To properly reseed a lawn full of weeds, follow these steps:
- Seed your lawn in spring or fall.
- Kill weeds with a selective herbicide that won’t harm grass.
- Pull up the weeds once they are dead.
- Aerate your lawn to improve soil quality.
- Evenly spread a thin layer of compost on top of the soil.
- Spread your grass seed.
- Rake the compost to lightly cover the grass seed.
- Water your lawn and wait for the seeds to sprout.
This system will allow you to start your lawn with a clean slate. By killing off all the weeds before you reseed, you’ll give your grass seed a chance to sprout and establish itself. Once your new grass gets a foothold, weeds will have a hard time overtaking your lawn again.
Table of Contents
Will Grass Seed Drown Out Weeds?
Grass seed will not crowd out established weeds. In fact, the opposite is true. Because weeds are so fast-growing, they will steal water and nutrients your grass seed needs to sprout. So, if you spread grass seed on a weed-infested yard, the most likely outcome is that the weeds will kill the baby grass seedlings.
- Grass seed won’t outcompete weeds.
- Weeds will steal water and nutrients grass seed needs.
- A weedy lawn will kill grass seed.
- Destroy the weeds first, then seed your lawn.
Instead of trying to overseed a lawn to choke out weeds, it’s essential to get rid of the weeds first, provide the right soil nutrients, and then seed your lawn. Within weeks after following our process, you’ll have the beginnings of a beautiful weed-free lawn.
8 Steps to Reseed a Weed-Infested Lawn
When your entire lawn is overrun with weeds, spreading grass seed can feel like a waste of time. It is very hard for new grass seed to compete with aggressive weeds. To return your lawn to a pristine look, follow these steps:
Pick the Right Time
If you are growing warm-season grass, plan to reseed your weedy lawn in spring. This is the best time to seed your lawn if you are growing Bermuda grass, Centipede grass, Zoysia, or Buffalo grass. Wait until daytime highs rise to 80℉ (27℃), then start the process. Avoid seeding warm-season grass in peak summer heat—the seed can easily dry out and die.
- Plan to seed warm-season grass lawns in spring.
- Warm-season grasses grow in the American south and west coast.
- Seed your cool-season grass lawn in the fall.
- Cool-season grasses are found in the northeast and midwest.
Cool-season grass grows best when it is seeded in fall. So, if you are growing a lawn with Kentucky Bluegrass, Fescue, or Ryegrass, plan to reseed after the peak of summer. Wait until daytime temperatures drop down to 75℉ (24℃). Conditions at this time are ideal for sprouting cool season grass seed successfully.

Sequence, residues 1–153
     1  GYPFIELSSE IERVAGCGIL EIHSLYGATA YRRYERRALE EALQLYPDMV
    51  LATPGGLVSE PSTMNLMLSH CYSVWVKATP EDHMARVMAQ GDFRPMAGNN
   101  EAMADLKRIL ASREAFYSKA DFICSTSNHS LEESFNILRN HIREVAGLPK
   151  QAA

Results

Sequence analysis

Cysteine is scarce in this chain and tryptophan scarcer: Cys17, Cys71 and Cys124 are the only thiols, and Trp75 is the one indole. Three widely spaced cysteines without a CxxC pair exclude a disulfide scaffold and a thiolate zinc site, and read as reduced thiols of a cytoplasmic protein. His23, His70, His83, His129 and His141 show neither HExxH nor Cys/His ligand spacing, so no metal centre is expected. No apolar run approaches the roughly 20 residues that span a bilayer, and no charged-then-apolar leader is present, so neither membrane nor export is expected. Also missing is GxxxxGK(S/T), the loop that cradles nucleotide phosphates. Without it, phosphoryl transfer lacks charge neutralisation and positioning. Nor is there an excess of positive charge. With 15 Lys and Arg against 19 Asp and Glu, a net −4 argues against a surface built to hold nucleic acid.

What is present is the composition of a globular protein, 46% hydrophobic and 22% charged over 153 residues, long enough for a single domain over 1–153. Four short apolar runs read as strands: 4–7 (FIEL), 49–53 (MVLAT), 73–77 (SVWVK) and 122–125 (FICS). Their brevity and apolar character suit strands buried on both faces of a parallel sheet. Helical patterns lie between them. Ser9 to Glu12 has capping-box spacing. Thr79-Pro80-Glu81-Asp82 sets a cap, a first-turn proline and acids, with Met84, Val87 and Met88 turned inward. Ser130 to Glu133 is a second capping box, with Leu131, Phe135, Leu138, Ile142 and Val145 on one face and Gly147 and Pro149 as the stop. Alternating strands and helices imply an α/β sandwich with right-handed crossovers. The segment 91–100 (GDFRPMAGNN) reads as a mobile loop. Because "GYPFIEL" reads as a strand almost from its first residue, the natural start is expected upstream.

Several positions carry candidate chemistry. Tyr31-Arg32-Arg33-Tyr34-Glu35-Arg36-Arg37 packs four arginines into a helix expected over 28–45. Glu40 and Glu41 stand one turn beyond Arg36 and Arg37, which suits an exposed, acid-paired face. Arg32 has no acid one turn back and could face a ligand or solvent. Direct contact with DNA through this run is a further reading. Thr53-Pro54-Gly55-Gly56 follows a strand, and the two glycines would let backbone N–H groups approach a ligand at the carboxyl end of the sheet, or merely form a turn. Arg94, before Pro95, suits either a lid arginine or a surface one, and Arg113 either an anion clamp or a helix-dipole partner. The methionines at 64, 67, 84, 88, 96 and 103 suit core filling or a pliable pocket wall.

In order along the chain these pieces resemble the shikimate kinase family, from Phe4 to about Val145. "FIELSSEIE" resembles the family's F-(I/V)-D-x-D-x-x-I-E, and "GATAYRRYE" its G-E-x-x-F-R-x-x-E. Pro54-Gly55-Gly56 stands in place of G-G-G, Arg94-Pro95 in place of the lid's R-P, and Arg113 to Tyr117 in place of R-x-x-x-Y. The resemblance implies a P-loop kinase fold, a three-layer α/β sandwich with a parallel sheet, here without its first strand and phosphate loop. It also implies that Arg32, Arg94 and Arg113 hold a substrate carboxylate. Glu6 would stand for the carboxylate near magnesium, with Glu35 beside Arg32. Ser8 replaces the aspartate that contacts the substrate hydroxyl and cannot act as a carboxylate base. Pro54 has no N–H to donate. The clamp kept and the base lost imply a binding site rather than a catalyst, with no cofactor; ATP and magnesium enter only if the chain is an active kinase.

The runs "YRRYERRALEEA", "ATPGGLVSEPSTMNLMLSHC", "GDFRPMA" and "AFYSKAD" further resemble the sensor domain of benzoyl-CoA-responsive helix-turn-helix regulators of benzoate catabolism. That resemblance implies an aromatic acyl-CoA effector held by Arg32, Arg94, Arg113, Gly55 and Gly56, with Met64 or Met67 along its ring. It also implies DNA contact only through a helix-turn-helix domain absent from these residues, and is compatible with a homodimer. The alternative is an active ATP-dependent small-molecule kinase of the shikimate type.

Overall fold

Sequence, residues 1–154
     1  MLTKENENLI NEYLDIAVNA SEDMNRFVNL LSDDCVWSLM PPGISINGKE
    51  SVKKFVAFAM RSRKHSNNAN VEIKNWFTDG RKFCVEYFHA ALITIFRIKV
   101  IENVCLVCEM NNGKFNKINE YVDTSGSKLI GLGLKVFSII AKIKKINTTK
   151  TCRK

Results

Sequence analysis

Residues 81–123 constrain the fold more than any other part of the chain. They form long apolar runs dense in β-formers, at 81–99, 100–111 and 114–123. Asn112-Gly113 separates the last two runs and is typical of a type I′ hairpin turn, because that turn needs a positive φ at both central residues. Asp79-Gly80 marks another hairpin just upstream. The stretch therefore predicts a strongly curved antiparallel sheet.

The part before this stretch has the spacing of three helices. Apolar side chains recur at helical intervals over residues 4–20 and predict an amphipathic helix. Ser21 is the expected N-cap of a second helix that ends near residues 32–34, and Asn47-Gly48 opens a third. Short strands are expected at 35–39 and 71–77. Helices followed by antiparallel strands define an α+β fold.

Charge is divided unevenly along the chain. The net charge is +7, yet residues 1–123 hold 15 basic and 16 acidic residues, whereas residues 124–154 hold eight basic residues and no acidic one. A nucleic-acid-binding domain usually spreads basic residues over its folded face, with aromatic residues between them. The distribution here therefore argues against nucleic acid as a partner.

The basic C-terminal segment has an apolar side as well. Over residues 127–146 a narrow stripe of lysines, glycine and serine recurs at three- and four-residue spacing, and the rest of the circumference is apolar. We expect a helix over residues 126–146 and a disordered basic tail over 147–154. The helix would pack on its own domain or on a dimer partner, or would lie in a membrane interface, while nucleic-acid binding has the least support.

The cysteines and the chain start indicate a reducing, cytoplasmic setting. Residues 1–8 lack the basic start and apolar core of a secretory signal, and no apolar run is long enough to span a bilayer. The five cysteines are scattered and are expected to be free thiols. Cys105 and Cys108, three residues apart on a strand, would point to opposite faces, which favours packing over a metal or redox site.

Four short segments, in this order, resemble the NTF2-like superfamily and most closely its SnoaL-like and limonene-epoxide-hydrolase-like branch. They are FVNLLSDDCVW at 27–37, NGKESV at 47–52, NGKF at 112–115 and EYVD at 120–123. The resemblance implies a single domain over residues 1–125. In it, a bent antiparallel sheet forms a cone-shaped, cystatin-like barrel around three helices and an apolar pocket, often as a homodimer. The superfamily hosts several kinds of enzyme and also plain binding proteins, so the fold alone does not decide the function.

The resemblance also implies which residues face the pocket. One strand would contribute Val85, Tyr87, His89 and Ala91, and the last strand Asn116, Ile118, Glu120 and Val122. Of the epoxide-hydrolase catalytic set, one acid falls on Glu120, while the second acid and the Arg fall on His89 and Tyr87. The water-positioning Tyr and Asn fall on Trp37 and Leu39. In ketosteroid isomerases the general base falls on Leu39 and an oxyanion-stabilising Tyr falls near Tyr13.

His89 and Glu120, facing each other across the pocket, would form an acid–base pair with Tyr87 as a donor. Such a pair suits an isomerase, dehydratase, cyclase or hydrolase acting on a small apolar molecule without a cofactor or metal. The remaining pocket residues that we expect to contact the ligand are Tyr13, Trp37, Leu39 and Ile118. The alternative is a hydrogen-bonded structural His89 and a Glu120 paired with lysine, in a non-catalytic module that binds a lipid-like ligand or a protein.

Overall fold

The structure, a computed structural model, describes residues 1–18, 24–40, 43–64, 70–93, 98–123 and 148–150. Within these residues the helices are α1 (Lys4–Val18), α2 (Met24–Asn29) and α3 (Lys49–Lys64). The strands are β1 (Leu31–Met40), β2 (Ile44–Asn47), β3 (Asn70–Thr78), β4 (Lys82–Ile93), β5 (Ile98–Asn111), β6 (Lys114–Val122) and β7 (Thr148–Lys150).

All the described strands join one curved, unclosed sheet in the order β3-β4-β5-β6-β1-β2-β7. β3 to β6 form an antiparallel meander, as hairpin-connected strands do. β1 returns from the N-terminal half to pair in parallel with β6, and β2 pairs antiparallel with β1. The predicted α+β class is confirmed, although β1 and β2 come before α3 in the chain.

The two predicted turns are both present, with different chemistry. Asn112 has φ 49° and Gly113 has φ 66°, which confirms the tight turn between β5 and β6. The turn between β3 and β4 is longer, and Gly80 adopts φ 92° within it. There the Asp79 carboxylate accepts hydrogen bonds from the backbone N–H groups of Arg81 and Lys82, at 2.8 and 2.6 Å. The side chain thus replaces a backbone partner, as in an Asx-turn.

Kill Off the Weeds
To successfully kill the weeds in your yard without killing your grass, use a selective herbicide. Selective herbicides target broadleaf weeds and pest grasses, but won’t harm most species of turfgrass. This allows you to kill off weeds without destroying all your grass, so you don’t have to start from scratch when you reseed.
- Use this selective herbicide to kill weeds without harming grass.
- Avoid using a non-selective herbicide, like Roundup. It will kill grass too.
- Spray the herbicide on the leaves of the weeds in your lawn.
Spray the selective herbicide on the weeds in your yard. Make sure to thoroughly mist the leaves of the weeds, since herbicides are absorbed through the leaves. Herbicides are designed to kill weeds down to the root, so they won’t come back. This makes spraying weeds much more effective than most other removal methods.
- Kills weeds without harming your lawn.
- You can expect results within only a few hours.
- Easy-to-use on a variety of grass types.
Remove the Dead Weeds
After spraying your lawn with the weed killer of your choice, wait 2 weeks for the weeds to die down to the root. Then, uproot the dead weeds to remove them from your lawn completely. Do not attempt to remove the weeds sooner than 14 days after spraying them with herbicide. Weed killers need 2 weeks to fully kill weeds. Pulling out the weeds too soon after they are sprayed could allow the roots to survive and sprout new foliage.
- Allow 14 days for the herbicide to kill the weeds to the root.
- Pull out the dead weeds to make room for new grass.
- Throw dead weeds in the trash so they don’t drop seeds on your lawn.
Dead weeds are usually easy to remove. You can wear gloves and pull them out by hand. Alternatively, you can use a rake, hoe, or other weed-pulling tools. Removing the dead plant material and roots makes it easier for new grass seeds to put down roots of their own. So, this is a crucial step in the process.
Aerate the Soil
Rent a core aerator from your local hardware store or tool rental supplier. This style of aerator is the best for lawns. Once you have your aerator, review the operating instructions. When you use the aerator, first push it across the lawn in a back-and-forth pattern, similar to mowing. Once you’ve completed this, use an up-and-down pattern to aerate the lawn from top to bottom. This results in well-aerated soil.
- Use a core aerator to loosen the soil in your lawn.